It sounds to me like people who do Audaxes are the cycling equivalent of those that enjoy hiking, I'm not putting it down it just doesn't sound as appealing as something a bit more competitive.

    Your bike looks very nice.

    Winter wheels and tyres are a bit more heavy duty than their summer equivalents. Is that correct?
  12. palinurus

    palinurus Guru

    That is exactly it; no way around that one. As long as the first one you buy isn't entirely inappropriate it'll be OK.
  13. Fab Foodie

    Fab Foodie hanging-on in quiet desperation ...

    As a rower, the pain of Time-Trialling is probably right-up your street!

    As for Triathlon bikes, my thaoughts are that they tend to have more vertical angles putting the rider more over the pedals and over the bars, much like a TT bike. You're correct in that theyre built for speed over shortish distances and are designed to be used with Tri-bars. Comfort is a minor consideration. A road-racing bike with Tri-bars will cover a multitude of applications for you. Really competative stuff to longer day rides. I'll happily ride mine over 100 miles complete with heavy saddle-bag for a 2 day trip, it's a tad twitchy in that set-up but comfortable enough. Can happily TT on it run with the club night. Am 45 with a bit of a belly, but the low-bar position is peachy.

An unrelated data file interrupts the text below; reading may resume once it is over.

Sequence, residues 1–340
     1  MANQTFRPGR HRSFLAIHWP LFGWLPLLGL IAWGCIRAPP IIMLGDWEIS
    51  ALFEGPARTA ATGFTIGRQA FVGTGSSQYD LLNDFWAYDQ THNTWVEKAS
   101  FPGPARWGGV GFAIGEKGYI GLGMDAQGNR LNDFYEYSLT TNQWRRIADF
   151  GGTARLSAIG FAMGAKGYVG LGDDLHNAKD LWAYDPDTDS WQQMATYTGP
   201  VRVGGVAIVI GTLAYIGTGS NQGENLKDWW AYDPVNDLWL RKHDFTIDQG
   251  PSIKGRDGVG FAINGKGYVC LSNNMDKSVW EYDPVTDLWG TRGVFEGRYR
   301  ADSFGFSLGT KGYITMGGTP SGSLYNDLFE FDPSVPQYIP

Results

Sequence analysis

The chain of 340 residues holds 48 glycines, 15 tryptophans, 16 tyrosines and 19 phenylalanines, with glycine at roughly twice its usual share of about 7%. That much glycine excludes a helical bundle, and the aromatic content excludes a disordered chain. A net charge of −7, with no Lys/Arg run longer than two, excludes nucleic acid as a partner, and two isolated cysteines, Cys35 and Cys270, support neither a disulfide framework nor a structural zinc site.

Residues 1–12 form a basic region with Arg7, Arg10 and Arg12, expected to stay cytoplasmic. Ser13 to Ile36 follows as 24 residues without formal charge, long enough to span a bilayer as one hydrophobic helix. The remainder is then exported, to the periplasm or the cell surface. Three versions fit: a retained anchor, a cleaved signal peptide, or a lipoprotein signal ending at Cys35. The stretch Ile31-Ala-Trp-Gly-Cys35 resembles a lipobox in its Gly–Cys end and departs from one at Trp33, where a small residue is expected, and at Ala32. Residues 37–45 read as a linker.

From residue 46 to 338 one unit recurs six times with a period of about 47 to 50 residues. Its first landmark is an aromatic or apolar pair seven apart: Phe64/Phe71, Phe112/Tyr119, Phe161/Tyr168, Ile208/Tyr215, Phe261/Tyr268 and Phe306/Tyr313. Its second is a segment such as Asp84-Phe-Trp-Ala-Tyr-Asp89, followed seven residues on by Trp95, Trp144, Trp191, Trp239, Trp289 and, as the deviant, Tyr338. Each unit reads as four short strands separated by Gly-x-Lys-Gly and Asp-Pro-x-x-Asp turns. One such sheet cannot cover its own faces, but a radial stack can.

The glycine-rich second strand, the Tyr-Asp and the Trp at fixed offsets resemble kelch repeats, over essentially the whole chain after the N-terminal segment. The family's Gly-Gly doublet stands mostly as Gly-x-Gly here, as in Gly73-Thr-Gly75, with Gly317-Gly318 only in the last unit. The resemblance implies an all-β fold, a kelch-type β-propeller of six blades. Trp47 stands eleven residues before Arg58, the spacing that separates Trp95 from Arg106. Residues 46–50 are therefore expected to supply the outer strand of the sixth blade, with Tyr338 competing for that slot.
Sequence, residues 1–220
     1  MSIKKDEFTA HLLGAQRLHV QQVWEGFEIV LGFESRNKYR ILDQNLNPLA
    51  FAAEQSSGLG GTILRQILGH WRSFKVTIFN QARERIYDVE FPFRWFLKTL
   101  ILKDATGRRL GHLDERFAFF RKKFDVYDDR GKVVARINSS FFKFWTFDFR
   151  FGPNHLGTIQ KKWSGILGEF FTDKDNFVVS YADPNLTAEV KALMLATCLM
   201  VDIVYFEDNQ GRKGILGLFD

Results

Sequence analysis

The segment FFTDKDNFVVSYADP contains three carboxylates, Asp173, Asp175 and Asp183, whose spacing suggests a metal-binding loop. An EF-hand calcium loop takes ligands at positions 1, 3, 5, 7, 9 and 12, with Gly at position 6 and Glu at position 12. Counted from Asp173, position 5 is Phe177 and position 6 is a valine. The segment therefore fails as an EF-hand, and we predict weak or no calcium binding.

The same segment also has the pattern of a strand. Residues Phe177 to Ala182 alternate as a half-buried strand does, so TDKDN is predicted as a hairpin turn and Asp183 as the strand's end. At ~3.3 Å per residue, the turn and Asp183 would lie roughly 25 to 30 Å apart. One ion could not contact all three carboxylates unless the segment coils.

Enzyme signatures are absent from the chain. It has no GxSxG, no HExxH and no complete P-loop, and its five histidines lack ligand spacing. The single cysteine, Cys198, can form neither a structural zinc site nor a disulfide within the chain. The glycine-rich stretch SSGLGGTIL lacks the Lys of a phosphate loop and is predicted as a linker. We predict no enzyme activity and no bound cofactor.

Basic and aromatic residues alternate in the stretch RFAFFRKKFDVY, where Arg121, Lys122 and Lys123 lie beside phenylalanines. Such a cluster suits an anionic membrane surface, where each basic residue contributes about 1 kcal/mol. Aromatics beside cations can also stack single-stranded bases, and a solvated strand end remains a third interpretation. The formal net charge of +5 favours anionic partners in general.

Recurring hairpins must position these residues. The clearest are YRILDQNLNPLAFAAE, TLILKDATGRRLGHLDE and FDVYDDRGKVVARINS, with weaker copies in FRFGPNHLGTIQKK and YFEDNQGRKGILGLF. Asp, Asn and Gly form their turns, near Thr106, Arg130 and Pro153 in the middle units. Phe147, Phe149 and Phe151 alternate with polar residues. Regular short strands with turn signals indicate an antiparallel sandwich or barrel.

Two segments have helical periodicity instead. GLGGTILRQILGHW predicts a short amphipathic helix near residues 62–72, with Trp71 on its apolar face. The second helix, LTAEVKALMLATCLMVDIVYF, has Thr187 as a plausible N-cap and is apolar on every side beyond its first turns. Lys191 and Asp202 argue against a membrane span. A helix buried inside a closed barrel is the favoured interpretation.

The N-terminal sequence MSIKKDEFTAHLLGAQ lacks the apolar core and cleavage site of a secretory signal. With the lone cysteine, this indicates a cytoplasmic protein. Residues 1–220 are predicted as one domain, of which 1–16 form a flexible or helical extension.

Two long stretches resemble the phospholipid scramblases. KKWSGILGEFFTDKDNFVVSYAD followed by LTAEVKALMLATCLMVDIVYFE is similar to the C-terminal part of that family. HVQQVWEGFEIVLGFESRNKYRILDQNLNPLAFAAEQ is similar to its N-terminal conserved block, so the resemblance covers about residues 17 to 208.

Winter wheels tend to be more durable/cheaper as do the tyres to help keep p*nctures to a minimum, also more riding in the dark where road debris and potholes are less visible. Also you don't want salt and water eating your £400 race wheels! Many have a winter-bike. A heavier winter ride makes the best-bike feel like riding on air!
  14. That's ok, just do what the rest of us have done and buy three or four bikes.;)
  15. Chris James

    Chris James Über Member

    As a keen hiker and climber then I would agree!

    However as I teenager I was a pretty keen rower (Royal Chester BC, competed in the Nat Champs in coxless pairs). I was an untypical rower in that I was not fiercely competitive (this explains why I wasn't very good!). From the sound of it you would benefit from joining a road club.

    If it helps then think of 10 mile TTs as like 1000m regatta, 25 miles as 2000m and cyclosportives as head of the rivers. Depending on what sort of rowing your prefer might suggest a preference in cycling. I was always more of an endurance rower and much preferred heads and have no interest whatsoever in TTs but do enjoy long hilly cycle routes.

    There always used to be a pretty active bike scene in Liverpool and I dare say that hasn't changed much. I have no idea what current Liverpool bike shops are like but Quinns always had a good rep back in the day.

    From your requirements as I understand them I would suggest you get a full on road bike. You could easily time trial on it and could do cyclosportives too if the mood took you. If I were you I would just go to your local decent bike shop and see what they stock. Most bikes are pretty similar to be honest. For £1000 you could get a bike that is probably as good as the pros were on only about 10 -15 years ago (and the pros are going no faster now than they were then!).

    Buying cycling equipment and gear is addictive but the truth is that what matters is the strength of your legs and your lungs and not what spokes your wheels have.